Down's character is hard to beat: Donal O'Hare

Donal O'Hare is mindful of last year's promotion slip up against Louth Picture by Philip Walsh.
Donal O'Hare is mindful of last year's promotion slip up against Louth Picture by Philip Walsh. Donal O'Hare is mindful of last year's promotion slip up against Louth Picture by Philip Walsh.

DOWN’S vice-captain Donal O’Hare has praised the character of the Mournemen after breathing new life into their promotion prospects with a narrow win over Longford at the weekend.

Despite dominating large periods of their fourth game in Division Three, Down found themselves two points down with 12 minutes remaining.

But just as they did against Tipperary and Derry, Paddy Tally’s men dug deep to keep hopes of Tier One football alive in the county.

Paddy Tally’s men came from two down to draw with Tipperary in Clonmel and outscored Derry in the final stretch to claim the win.

While they left themselves too much to do down in Cork a fortnight ago, they produced a brilliant last 10 minutes against Longford that yielded a goal apiece for Cory Quinn and James Guinness to put themselves in second spot behind the unbeaten Rebels.

“It’s something that this team does – we go right to the line, and we get over the line,” said O’Hare.

“Unfortunately, Cork’s lead was too big and we couldn’t get it back. Longford went two points ahead in the second half and we drew back and got a goal and then we kicked on from there. There is great character in this team, a lot of young lads too. Liam Kerr, I thought, was exceptional and there were game-changers coming on which was superb.”

Both Peter Fegan and James Guinness made telling impressions from the Down bench on Saturday night with Queen’s student Fegan popping up from his defensive position with a crucial second-half point and Guinness bagging a fantastic 69th minute goal that ended Longford’s resistance.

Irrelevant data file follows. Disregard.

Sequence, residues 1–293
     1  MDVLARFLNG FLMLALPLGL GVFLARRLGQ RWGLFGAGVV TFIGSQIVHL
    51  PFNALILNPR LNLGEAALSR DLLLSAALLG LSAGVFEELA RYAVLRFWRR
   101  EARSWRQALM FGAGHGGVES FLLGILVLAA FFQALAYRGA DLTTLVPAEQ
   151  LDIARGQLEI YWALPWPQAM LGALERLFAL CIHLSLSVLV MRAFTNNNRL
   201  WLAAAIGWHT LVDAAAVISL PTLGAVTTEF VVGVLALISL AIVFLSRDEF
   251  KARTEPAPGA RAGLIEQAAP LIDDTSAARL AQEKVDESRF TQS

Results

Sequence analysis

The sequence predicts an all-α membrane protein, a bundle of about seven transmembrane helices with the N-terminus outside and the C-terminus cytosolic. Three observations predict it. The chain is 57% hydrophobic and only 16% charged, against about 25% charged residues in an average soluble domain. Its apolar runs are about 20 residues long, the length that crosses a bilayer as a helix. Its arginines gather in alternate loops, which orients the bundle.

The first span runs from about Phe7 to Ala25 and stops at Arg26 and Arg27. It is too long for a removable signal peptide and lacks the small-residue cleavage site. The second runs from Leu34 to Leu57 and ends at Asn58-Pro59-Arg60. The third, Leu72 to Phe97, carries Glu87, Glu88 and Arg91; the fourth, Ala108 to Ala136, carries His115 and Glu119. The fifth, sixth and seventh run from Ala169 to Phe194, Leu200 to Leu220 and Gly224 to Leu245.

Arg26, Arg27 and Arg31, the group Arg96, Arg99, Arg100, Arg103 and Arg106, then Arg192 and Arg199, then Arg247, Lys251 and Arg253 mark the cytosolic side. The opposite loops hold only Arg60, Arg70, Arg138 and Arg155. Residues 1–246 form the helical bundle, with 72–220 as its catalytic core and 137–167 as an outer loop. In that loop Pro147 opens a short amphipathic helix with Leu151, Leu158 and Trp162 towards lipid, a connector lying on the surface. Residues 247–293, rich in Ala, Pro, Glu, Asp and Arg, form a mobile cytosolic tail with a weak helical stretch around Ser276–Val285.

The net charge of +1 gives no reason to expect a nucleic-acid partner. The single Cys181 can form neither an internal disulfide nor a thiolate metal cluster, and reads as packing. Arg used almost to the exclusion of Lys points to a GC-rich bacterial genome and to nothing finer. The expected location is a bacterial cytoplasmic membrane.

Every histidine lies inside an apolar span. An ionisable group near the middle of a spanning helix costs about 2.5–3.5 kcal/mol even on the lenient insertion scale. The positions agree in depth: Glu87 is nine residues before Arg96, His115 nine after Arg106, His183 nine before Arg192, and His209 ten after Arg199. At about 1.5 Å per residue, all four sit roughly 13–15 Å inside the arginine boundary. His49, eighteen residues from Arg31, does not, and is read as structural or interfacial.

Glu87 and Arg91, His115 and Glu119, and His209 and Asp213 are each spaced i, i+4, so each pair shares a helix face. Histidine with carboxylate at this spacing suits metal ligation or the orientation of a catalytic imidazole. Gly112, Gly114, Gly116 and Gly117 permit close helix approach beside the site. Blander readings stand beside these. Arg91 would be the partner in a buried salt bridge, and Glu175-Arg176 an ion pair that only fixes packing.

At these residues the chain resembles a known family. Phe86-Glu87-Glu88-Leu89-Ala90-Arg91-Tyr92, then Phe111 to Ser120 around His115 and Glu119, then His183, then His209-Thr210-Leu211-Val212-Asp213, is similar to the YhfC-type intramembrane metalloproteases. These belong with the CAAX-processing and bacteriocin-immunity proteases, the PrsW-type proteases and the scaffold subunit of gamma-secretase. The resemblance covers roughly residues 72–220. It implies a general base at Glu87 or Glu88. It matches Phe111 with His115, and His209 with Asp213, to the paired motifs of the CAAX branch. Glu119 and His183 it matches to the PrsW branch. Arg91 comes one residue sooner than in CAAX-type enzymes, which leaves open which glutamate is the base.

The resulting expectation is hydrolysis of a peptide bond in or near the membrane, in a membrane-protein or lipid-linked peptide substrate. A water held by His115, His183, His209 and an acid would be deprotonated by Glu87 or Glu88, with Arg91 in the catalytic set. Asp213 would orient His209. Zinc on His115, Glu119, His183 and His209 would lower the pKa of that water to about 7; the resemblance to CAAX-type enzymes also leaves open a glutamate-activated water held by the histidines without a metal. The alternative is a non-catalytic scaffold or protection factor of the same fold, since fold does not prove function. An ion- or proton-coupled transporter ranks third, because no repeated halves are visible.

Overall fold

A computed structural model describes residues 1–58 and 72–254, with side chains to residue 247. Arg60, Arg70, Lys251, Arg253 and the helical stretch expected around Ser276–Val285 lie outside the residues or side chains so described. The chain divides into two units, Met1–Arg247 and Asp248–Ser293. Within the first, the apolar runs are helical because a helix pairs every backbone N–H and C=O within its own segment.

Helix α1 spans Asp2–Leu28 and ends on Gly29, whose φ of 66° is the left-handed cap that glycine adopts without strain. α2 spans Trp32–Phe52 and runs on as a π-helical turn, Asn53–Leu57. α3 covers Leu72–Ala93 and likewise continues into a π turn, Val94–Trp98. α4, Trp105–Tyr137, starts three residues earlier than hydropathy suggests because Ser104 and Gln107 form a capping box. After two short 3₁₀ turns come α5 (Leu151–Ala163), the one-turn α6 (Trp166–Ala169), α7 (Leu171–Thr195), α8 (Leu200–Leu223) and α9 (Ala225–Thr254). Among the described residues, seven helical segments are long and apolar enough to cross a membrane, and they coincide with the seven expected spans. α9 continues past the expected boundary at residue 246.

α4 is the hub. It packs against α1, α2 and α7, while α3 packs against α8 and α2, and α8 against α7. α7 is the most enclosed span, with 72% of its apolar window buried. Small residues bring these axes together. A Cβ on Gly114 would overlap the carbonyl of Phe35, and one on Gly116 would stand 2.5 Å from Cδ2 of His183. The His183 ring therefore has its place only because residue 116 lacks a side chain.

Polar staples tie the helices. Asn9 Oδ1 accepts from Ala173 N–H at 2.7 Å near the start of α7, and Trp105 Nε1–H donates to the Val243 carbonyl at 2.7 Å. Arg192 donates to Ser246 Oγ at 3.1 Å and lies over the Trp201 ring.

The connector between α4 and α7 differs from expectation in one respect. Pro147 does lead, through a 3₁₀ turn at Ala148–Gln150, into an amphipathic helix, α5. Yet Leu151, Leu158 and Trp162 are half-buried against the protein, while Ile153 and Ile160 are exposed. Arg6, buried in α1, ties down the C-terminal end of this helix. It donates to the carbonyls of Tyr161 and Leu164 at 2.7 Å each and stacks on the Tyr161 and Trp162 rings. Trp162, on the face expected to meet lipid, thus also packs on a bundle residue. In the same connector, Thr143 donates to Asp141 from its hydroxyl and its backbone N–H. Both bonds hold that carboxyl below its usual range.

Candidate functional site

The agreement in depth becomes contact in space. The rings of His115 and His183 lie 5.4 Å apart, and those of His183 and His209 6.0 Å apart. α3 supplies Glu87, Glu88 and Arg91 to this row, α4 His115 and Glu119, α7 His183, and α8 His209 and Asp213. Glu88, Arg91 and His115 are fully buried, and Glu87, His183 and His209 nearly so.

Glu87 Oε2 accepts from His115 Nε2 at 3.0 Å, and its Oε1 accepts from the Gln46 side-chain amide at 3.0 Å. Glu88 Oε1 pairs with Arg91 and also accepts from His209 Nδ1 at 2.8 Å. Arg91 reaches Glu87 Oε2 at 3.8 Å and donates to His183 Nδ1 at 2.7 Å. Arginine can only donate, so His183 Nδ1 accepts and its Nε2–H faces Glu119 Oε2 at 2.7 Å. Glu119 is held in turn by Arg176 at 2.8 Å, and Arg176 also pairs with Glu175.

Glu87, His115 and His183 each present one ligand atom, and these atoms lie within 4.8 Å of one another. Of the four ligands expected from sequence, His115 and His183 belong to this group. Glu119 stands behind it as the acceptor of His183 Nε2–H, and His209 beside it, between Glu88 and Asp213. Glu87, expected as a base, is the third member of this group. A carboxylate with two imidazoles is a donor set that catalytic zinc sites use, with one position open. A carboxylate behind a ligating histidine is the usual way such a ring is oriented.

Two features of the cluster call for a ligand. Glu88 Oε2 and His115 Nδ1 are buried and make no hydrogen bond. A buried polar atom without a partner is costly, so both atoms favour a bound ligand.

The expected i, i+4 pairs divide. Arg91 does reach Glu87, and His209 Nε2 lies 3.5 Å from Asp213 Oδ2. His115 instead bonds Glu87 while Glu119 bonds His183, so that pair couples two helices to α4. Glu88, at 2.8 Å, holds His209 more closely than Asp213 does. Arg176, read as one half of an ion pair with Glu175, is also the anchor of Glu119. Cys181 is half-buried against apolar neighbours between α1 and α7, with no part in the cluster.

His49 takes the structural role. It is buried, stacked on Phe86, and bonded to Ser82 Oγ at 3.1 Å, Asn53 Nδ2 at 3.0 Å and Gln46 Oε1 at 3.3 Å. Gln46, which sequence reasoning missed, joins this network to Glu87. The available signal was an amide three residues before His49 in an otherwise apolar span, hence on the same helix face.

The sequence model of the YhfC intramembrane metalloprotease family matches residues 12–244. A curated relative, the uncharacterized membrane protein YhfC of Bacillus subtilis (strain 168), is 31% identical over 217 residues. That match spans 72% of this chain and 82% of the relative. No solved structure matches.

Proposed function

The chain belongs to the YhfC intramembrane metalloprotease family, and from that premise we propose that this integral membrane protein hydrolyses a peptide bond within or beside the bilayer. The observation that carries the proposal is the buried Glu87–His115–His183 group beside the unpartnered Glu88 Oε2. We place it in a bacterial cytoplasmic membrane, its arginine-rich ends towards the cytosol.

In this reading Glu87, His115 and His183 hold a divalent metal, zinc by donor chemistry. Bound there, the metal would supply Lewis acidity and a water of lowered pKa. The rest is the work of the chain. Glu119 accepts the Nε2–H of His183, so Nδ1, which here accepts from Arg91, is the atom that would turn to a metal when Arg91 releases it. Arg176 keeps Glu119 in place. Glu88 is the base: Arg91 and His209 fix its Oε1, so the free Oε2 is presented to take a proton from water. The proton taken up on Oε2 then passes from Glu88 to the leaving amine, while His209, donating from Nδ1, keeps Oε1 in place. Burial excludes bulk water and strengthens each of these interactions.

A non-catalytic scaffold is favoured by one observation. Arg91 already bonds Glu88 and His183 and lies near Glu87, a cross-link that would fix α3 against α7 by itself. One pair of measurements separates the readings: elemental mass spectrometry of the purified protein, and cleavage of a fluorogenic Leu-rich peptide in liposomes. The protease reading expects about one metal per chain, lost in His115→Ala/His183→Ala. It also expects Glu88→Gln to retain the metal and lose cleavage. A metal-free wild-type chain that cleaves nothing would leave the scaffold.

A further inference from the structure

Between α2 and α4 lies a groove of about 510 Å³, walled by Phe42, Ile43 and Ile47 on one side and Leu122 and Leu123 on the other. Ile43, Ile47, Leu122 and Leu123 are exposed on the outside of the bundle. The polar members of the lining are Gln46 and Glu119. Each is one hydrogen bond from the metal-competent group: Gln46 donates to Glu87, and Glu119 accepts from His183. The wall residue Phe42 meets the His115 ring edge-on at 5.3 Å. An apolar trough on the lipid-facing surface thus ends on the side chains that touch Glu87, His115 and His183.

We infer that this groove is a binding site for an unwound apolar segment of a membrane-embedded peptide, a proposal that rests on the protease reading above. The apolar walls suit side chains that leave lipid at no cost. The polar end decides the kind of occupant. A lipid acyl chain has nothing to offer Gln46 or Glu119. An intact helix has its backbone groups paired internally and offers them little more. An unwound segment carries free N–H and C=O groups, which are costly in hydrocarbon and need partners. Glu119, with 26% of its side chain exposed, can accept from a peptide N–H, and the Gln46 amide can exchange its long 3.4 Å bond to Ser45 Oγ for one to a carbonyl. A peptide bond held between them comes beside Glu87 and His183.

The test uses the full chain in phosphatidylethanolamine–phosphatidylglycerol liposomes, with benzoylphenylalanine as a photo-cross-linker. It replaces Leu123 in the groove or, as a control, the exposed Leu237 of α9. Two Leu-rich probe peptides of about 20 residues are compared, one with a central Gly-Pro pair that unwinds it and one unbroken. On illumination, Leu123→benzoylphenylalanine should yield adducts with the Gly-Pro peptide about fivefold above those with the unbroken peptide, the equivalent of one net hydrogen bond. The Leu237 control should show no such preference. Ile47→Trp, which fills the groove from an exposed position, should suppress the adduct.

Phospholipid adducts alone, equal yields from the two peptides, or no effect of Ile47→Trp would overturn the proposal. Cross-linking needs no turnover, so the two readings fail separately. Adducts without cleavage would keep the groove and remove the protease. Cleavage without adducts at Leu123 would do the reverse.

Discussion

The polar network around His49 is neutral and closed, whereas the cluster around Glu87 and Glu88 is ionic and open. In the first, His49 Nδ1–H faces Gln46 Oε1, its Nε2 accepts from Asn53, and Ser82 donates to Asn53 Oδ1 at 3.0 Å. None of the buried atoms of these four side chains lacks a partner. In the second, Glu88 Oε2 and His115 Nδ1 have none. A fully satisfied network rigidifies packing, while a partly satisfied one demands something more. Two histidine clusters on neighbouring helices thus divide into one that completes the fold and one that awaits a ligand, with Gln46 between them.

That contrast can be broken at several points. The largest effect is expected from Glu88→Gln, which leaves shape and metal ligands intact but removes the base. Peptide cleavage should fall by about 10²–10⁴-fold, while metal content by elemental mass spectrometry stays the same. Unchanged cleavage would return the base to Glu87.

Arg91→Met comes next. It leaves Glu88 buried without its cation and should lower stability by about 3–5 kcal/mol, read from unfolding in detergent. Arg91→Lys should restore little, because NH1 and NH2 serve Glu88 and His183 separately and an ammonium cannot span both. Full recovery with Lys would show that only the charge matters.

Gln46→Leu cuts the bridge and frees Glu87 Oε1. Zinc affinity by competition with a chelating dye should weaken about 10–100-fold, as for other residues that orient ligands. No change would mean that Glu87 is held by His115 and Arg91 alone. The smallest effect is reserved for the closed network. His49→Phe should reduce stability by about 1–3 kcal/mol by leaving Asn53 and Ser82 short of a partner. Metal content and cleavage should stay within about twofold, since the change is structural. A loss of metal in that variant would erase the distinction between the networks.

With Offaly (a), Leitrim (h) and Louth (a) still to come, Down’s promotion hopes are in their own hands – but O’Hare is mindful of how last season’s promotion push crashed and burned on the last day against Louth.

“If we don’t beat these teams we probably don’t deserve to go up,” the Burren attacker added.

“That’s something we can probably learn from last year. We went into the Louth game thinking we just have to beat them and get to Croke Park and we ended up not getting the result we needed and there was only one point of a difference in the table [that denied Down promotion].

“So the likes of the older ones on the panel probably take something from that experience, and that it’s not won after two or three games, it’s not won halfway through.

“We’ve still three tough games. The way the fixtures have gone this year, we’ve four away games and three at home, so we really targeted our home games to get a wee bit of belief back in the county.”

Now in his ninth season with the Down seniors, O’Hare’s stream of scores have been steady – 0-13 (0-2 from play) in Division Three - but perhaps not as prolific as previous seasons.

But O’Hare was found deep in his own half at times against Longford fighting and winning crucial dirty ball.

“I suppose last year I was lucky in a couple of games. This is my ninth year on the panel and being made vice-captain this year you’re looking at a different role and you’re probably getting targeted. But that’s county football, you’re getting marked by better players, better teams and Division Three might be a bit more defensive than Division One and Division Two,” he said.

“That’s just the way the game has gone. Kerry and Mayo are dropping back. I suppose if I’m not scoring heavily or doing my work then Paddy will find somebody else instead and I could be sitting on the bench getting cold. But with the new blood coming in it just freshens it up and gives you a wee lift too.”

With Tier Two football looming over all the Division Three counties this year - unless they gain promotion or reach a provincial final - O’Hare doesn’t feel the GAA has successfully sold the new competition that comes into effect this summer.

“Teams probably won’t know until they start playing in it. It’s still up in the air. The fact that they’re calling it Tier Two is probably a bit disrespectful and they haven’t even got a name for it yet.

“But we’ll see where we’re at come the end of the League. If we don’t get promoted, we still have a chance of playing Tier One if we reach an Ulster final.”